- Like mezcal, the hearts of the pina are roasted in earthen pits imparting a smoky flavor to the final product
- I only know of one bacanora brand that can be found in the U.S.: Cielo Rojo Bacanora
- Raicilla is produced in seven municipalities of Jalisco and is frequently associated with the Puerta Vallarta area
- Raicilla is made from the agave lechuguilla (Agave inaequidens), and agave pata de mula (Agave maximiliana), and it also goes by its regionally common name, agave raicilla
- Raicilla is a mezcal
- Raicilla does not have a DO or a NOM, however since 1997, there is a collective mark, “Raicilla Jalisco”, to protect production and establish the Mexican Council of Raicilla Promoters.
- All raicilla producers must now be members of the council and there are currently around 70 members.
- With Raicilla, the hearts of the agave are cooked in above ground ovens so it is not smoky like mezcal
- Perhaps the best known raicilla distiller is Destilador del Real, though it cannot be found in the U.S. From the picture above, I think they could use a bit of branding and marketing help. You think?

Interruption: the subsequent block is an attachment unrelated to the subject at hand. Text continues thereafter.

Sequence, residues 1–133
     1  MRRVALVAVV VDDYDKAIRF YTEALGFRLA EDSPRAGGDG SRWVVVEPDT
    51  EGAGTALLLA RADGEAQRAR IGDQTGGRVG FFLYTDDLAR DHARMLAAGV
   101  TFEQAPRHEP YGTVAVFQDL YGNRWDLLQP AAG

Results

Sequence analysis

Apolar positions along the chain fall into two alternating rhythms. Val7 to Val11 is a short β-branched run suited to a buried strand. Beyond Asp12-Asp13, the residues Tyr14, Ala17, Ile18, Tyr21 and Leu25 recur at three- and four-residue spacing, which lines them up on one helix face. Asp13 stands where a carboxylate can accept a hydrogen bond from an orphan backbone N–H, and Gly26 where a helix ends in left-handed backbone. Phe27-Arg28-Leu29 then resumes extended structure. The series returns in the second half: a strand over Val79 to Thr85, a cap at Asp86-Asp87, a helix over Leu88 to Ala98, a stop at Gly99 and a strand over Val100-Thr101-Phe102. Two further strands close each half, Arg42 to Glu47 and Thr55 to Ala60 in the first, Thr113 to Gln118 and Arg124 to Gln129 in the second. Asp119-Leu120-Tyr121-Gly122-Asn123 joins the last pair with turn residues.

- Pulque is not a distilled agave product, but rather a fermented alcohol product made from the sap of the agave – the sap is called aguamiel, translated as “honey water”
- Pulque is the color of milk and has a sour, yeast-like taste
- It is 3-8% ABV, so similar to beer in alcoholic content
- Pulque has no NOM or DO or anything else that I am aware of
- You can find canned pulque in the U.S., though all reports suggest it pretty much sucks
- On the other hand, in Oaxaca, you can get fresh pulque, which can be very good
- If you live in NYC, you can try it at Pulqueria, a downtown mezcal and tequila den
- Sikua. Produced in Michoacán, Sikua was/is mezcal made in this state before Michoacán was included in the mezcal DO. The sikua nomenclature is most likely being left behind now since Michoacán can now officially make mezcal.
- Agave distillate. In 2006, an “agave distillate” NOM was passed to govern all mezcal making regions not recognized under a DO. So these regions can make a mezcal, but not call it one. And they are left with the appealing choice of calling it an “agave distillate”. Unjust, it seems.
- Charanda. Sometimes you hear about charanda being made in Mexico so I thought I would throw it in here. It is basically rum made in Mexico. Nothing to do with agave.
- Some other obscurities can be found here, but they are so far afield, they are not worth my effort
That is the run down. Maybe you have to be an agave geek, which I am, to care about anything beyond tequila and mezcal. But knowledge is power my friends! So go forth and drink some mezcal!!